The central bank’s decision on whether to intervene in the currency market largely depends on the yuan’s status 
against a basket of currencies instead of the dollar alone, according to Liu.
Meanwhile, he was cautious about the dollar outlook, noting that the market has yet to see how Trump’s future policies materialize.
Lian said the dollar may see some corrections after rapid upward movement due to profit-taking and market digestion of the 
US interest rate hike.
The dollar will gain at a milder pace next year, and its appreciation may not be sustained as long-term dollar strength will 
hurt US exports and manufacturing, Lian predicted.
The weakening yuan has aggravated concerns about capital outflow as China’s economy grew at the slowest pace since the global 
financial crisis.
Chinese officials have repeatedly ruled out the possibility of sharp, sustained yuan depreciation against the dollar, citing China’s 
economic fundamentals, current account surplus and huge forex reserves
Source: Shanghai Daily, November 22, 2016
China-UK movie that is wild about cats
21st November 2016

 THE film unit of Chinese e-commerce giant Alibaba and the British “Harry Potter” 

producer David Heyman announced yesterday that they will make a fantasy movie “Warriors” 
based on a book series about warring cats.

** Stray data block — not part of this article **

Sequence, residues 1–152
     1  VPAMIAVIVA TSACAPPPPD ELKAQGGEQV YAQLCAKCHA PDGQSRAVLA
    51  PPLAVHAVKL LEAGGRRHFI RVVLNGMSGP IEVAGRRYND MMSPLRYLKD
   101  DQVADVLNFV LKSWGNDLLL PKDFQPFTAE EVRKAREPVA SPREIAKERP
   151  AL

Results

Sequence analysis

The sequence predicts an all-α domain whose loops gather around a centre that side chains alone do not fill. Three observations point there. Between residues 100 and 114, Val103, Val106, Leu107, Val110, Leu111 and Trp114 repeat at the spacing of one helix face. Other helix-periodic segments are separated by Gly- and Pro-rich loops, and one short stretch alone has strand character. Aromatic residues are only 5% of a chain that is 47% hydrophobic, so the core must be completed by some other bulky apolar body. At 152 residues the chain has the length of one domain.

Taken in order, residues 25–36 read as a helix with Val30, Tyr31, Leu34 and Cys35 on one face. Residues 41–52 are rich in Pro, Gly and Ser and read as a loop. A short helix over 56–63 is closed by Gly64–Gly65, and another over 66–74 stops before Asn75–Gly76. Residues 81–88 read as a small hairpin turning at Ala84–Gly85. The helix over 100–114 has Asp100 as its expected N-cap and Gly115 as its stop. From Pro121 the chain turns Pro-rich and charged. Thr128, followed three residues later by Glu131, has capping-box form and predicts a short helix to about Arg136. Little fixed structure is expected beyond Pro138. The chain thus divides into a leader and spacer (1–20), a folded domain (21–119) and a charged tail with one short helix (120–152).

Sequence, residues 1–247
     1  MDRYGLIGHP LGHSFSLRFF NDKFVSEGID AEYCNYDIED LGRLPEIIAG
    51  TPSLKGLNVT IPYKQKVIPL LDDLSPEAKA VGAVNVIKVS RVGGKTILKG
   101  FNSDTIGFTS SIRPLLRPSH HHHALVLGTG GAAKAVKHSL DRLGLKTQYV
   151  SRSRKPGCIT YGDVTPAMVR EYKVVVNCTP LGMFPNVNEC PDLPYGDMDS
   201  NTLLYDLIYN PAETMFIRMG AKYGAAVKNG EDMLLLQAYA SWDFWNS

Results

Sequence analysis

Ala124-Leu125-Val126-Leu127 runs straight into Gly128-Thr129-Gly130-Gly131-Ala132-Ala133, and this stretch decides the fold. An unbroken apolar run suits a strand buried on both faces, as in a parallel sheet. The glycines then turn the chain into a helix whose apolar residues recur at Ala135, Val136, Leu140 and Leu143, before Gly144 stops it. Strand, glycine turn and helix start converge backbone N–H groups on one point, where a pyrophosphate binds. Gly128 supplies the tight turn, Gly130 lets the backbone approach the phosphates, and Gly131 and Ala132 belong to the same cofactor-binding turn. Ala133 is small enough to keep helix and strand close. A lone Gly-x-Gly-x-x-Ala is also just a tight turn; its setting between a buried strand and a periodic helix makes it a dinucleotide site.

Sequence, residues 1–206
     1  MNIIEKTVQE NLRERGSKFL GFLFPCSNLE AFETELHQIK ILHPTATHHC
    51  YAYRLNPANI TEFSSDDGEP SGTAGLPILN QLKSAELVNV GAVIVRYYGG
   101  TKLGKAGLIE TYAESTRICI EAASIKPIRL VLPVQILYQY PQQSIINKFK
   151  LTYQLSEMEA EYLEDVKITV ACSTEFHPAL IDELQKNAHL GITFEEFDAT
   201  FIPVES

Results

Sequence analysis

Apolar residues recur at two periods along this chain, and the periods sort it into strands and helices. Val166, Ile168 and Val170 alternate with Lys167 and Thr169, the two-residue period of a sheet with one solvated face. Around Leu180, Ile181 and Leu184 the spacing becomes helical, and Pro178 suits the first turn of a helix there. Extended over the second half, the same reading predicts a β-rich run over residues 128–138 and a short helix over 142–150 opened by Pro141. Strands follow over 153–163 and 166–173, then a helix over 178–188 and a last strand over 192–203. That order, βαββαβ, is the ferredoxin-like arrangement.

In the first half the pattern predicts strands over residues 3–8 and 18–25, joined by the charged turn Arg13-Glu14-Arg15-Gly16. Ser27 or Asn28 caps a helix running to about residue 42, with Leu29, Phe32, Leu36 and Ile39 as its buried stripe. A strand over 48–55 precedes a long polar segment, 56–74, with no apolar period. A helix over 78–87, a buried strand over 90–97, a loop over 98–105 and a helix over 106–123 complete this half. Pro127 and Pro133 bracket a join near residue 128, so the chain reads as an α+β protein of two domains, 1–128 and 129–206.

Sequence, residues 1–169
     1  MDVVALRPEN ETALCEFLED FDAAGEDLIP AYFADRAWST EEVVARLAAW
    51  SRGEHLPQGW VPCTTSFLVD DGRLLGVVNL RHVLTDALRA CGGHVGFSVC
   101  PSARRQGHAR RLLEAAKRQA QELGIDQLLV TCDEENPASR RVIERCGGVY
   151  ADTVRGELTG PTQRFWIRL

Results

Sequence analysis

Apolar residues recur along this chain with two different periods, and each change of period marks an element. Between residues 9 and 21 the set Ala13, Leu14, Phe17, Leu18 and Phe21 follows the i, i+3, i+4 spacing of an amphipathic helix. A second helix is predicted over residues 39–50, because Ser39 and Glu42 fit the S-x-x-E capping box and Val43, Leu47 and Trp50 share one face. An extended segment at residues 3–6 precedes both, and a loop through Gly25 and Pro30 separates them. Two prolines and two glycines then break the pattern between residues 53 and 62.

The live action film with computer-generated cats is based on the British books for young 
adults about clans of wild cats, with themes including adventure, forbidden love and good 
versus evil.
The series has a fan following in countries including China, and the film is intended for 
worldwide audiences.
Heyman, an independent film producer behind “Paddington” and “Gravity,” said he sought out 
Alibaba when he was in China almost two years ago on a trip to promote British creativity 
and British-Chinese cultural exchange.
“This is becoming the largest market in the world so you are looking to understand that market,” 
he said at a news conference at the British Embassy in Beijing.
“It’s hard to get a film made today. I’ve had some success but every time you start a film you start 
a new business, so I’m always looking for people over the world.”
He said “Warriors” was a “perfect Chinese-British story because its values are universal.”
Heyman added it was too early to say how much of the creative team would be Chinese and they 
still did not have a script for the film, which would likely be in 3D.
There was no guarantee the movie would be shown in China, he said.